WASHINGTON (Reuters) – AT&T (T.N) CEO Randall Stephenson said on Thursday his company’s bid to buy movie and TV show maker Time Warner (TWX.N) would allow the two firms to serve customers better by lowering pay TV rates, rejecting government arguments the deal would raise consumer prices.
Speaking in U.S. District Court in Washington, Stephenson addressed himself to Judge Richard Leon who will decide if the $85 billion deal may go forward. He said that he wanted to combine what AT&T knew about its customers with Time Warner’s ability to create compelling content.
This would help AT&T, which owns the biggest pay TV company DirecTV, build a cheaper online product that could be partially sustained through advertising, he said.
The Justice Department has sued to block the $84.5 billion deal, saying it would hurt competition.
Stephenson’s testimony mirrors what Time Warner (TWX.N) Chief Executive Jeff Bewkes said on Wednesday. He also argued the deal would help the companies better compete for ad dollars with internet giants like Alphabet’s (GOOGL.O) Google and Facebook (FB.O).
Like Bewkes, Stephenson dismissed the idea that AT&T would seek to use Time Warner content exclusively, saying the best financial strategy was to ensure it was as widely seen as possible.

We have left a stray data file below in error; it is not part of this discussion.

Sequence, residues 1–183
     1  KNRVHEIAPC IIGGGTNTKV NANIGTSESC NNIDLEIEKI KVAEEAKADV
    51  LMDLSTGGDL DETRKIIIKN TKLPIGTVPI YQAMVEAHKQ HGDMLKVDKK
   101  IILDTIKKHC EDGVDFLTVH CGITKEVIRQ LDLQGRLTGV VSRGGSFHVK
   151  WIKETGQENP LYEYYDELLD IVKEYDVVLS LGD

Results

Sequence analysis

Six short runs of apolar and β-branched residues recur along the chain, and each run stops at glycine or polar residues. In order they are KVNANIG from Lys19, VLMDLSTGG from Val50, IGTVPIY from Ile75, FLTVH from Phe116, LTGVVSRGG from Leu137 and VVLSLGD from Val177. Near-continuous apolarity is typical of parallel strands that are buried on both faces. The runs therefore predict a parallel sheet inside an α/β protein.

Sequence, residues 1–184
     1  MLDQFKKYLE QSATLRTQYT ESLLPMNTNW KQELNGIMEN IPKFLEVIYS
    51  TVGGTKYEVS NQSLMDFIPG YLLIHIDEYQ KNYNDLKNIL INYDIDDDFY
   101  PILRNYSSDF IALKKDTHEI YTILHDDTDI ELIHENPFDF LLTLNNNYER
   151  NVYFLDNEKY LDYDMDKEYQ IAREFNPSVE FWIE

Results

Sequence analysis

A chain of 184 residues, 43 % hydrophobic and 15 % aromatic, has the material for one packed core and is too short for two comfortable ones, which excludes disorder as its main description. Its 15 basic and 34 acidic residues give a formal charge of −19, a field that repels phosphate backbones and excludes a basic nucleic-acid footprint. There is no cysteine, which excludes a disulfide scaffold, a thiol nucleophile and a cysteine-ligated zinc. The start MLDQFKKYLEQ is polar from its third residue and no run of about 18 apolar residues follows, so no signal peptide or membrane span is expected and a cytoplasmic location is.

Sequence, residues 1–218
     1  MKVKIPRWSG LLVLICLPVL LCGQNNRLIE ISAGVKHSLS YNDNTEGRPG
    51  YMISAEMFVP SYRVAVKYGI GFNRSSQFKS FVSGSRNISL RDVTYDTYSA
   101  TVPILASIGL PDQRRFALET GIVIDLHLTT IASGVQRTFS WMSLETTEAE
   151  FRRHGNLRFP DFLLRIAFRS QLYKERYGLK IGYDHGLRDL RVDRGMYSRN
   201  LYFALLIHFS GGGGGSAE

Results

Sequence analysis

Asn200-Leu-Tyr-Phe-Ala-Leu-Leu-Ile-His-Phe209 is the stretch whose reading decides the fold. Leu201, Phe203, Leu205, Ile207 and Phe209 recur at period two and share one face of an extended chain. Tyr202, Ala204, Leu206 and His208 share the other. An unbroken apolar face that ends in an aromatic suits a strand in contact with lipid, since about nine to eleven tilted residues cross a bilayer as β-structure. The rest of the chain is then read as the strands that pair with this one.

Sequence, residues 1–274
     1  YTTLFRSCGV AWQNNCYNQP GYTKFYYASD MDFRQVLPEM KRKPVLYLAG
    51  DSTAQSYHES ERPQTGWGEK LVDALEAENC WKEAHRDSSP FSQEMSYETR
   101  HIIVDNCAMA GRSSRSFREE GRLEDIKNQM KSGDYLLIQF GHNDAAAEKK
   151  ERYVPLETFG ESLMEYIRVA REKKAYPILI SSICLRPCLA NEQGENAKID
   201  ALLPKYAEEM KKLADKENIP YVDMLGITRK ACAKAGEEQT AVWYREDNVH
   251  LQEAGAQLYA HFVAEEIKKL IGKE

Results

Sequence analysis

Stephenson said that AT&T had initially thought to buy several small content companies – a “string of pearls” – but when that failed it decided to pursue one large company in Time Warner, a “head-snapper moment.”
He telephoned Bewkes to invite him to lunch, Stephenson said. “A quick lunch turned into a very long afternoon,” he said, as they began to discuss a deal. “We both got very excited about it.”
Under questioning by Daniel Petrocelli, a lawyer for AT&T, Stephenson sought to blunt some evidence that the Justice Department would likely bring up.
AT&T has argued that the deal would produce synergies, or reduced costs, that would balance out lost competition. Petrocelli showed Stephenson a document where he said the potential deal had “no significant cost synergies” and asked him to explain.
Stephenson said the document reflected a preliminary assessment and was incorrect. Dennis Carlton, from the University of Chicago, testified earlier in the trial that the deal would provide a net benefit to consumers of 52 cents per pay TV subscriber a month.
The government has argued that the proposed deal would spur AT&T to charge its pay TV rivals more for Time Warner content, in particular the Turner family of news and sports shows. It has also said that the combined company would have an incentive to decline to offer content to cheaper online video services in order to slow their development.
The trial, which began in mid-March , is expected to wrap up this month.